Internal fraud can come with consequences for your organisation beyond merely what the employee took.

Internal fraud can come with consequences for your organisation beyond merely what the employee took.

Internal fraud cost Australian businesses $2.7 million in 2018-2019, and that's just what was detected.

Internal fraud cost Australian businesses $2.7 million in 2018-2019, and that’s just what was detected.

The most important thing you can do when investigating internal fraud is 'follow the money'. People commit fraud to benefit themselves, and they won't accidentally send it to the wrong person. Wherever the money ends up, they are likely the perpetrator or a close contact.

The most important thing you can do when investigating internal fraud is ‘follow the money’. People commit fraud to benefit themselves, and they won’t accidentally send it to the wrong person. Wherever the money ends up, they are likely the perpetrator or a close contact.

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Financial Abuse: What is it?

Financial Abuse: What is it?

Domestic or family violence refers to violence, abuse and/or intimidation between people who are currently or have previously been in a ‘relevant relationship’.

These relationships may involve:

  • Past or current spousal relationships regardless of gender or sexuality (including de facto relationships)
  • Informal care relationships (including unpaid carers of people with a disability or a medical condition)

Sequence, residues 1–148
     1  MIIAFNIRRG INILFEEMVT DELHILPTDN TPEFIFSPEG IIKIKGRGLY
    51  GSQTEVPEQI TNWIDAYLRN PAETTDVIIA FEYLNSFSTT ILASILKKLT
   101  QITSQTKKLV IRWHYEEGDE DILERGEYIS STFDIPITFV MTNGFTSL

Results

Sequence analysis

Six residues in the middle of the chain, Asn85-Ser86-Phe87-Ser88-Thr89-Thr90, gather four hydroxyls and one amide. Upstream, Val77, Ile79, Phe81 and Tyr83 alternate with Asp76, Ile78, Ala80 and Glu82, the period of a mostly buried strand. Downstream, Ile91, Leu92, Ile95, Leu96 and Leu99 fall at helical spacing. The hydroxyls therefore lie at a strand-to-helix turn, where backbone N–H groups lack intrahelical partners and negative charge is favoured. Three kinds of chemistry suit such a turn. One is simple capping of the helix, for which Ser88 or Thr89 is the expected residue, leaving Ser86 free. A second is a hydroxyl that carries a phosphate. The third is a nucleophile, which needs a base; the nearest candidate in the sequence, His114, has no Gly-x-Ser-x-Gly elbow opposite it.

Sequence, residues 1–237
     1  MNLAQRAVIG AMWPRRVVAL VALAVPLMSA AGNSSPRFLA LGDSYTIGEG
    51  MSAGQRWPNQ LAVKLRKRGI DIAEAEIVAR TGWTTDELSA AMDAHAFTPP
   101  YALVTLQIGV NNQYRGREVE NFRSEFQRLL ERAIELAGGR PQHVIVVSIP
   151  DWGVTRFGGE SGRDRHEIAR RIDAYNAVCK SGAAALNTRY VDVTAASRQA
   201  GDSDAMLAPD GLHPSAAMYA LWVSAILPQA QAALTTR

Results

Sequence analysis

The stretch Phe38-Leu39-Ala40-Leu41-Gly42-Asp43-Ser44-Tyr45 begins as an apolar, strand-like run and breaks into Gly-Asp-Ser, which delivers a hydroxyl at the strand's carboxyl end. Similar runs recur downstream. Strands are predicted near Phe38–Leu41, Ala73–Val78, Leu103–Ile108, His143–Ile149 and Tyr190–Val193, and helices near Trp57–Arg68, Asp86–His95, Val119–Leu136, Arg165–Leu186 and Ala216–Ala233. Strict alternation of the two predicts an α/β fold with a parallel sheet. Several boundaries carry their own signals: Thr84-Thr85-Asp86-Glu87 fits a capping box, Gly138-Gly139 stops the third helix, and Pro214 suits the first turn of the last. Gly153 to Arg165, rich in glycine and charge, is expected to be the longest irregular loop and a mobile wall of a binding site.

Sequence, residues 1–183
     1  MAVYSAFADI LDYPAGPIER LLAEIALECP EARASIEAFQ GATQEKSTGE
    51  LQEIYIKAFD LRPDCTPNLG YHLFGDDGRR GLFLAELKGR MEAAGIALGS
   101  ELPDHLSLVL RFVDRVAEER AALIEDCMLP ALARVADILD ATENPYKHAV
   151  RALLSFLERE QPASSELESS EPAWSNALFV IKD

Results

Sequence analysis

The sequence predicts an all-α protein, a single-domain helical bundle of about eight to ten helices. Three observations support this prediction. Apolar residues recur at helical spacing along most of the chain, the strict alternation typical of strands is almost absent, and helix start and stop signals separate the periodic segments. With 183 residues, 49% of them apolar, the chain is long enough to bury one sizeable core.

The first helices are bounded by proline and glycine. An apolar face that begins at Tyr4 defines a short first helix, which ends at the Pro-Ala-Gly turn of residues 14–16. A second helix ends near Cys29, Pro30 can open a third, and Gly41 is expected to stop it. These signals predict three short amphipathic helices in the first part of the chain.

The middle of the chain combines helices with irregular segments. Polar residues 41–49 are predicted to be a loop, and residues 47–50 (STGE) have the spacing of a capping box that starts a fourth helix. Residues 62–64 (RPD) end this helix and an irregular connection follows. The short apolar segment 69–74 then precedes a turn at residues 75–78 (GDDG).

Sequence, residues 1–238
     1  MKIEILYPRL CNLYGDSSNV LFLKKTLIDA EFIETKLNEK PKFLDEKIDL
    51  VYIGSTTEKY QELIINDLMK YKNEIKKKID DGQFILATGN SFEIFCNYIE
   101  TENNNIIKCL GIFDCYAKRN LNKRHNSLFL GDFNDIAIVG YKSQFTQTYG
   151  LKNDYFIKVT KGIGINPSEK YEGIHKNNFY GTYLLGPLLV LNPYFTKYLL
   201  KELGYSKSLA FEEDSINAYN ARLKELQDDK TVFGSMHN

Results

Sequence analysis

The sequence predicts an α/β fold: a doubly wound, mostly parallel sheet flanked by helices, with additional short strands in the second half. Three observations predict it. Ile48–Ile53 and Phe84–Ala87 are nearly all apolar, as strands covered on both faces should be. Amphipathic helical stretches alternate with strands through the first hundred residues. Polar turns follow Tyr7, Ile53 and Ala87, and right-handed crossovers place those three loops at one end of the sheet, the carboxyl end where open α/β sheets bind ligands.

• Family relationships (including non-blood relatives or extended family)
Financial abuse is a common yet seldom recognized form of abuse.

It can be difficult to recognize for reasons such as:

  • Some individuals viewing money as a private matter that shouldn’t be discussed
  • Its subtlety, and progression over time
  • It being acceptable in some cultures for one member to control the finances for the entire household

However, the effects of financial abuse can be devastating and far reaching; ranging from practical to psychological effects.

Everyone has a right to be safe from such abuse. It is important to be able to identify the signs and support clients who are experiencing such abuse.

This guideline is designed to help you to understand what financial abuse is, and recognise signs that a customer may be potential victims.

What is Financial Abuse?

Financial abuse is a form of domestic and family violence which occurs when an abuser uses money and resources as a means to gain power, and to control their partner or family member. 

This may involve behaviors such as:

  • Threatening, coercing re: assets or wills;
  • Taking control of the person’s finances against their wishes and denying access to their own money;
  • Abusing Powers of Attorney;
  • Stealing goods, e.g. jewellery, credit cards, cash, food, and other possessions;
  • Unauthorised use of banking and financial documents;
  • Forged or unauthorised signatures on documents or cheques.
What are the Common Indicators of Financial Abuse?

It is hard to detect financial abuse without considerable knowledge of the victim’s financial and/or legal affairs. Fortunately, financial institutions and legal officials are well positioned to detect financial abuse.

Here are some common settings or circumstances which may be indicative of financial abuse:

Deviations from typical banking behavior

Unusual banking behavior may indicate financial abuse. This involves bank activity that is erratic, unusual, or uncharacteristic and bank activity inconsistent with what you know of the person’s abilities or interests.

For example, withdrawals from or transfers between bank accounts that an individual cannot explain or unusual/unexplained activity such as unreasonably large withdrawals. Other indicators may be bank statements and canceled checks sent to an address that is not an elder person’s residence.

Unusual financial situations

An indicator might be when checks uncharacteristically begin to lack adequate funds to cover them and/or when a client is in debt and does not know why. Financial abuse may be suggested by complaints from the elder person about once having had money but not seeming to have much anymore, or the sudden inability to pay bills.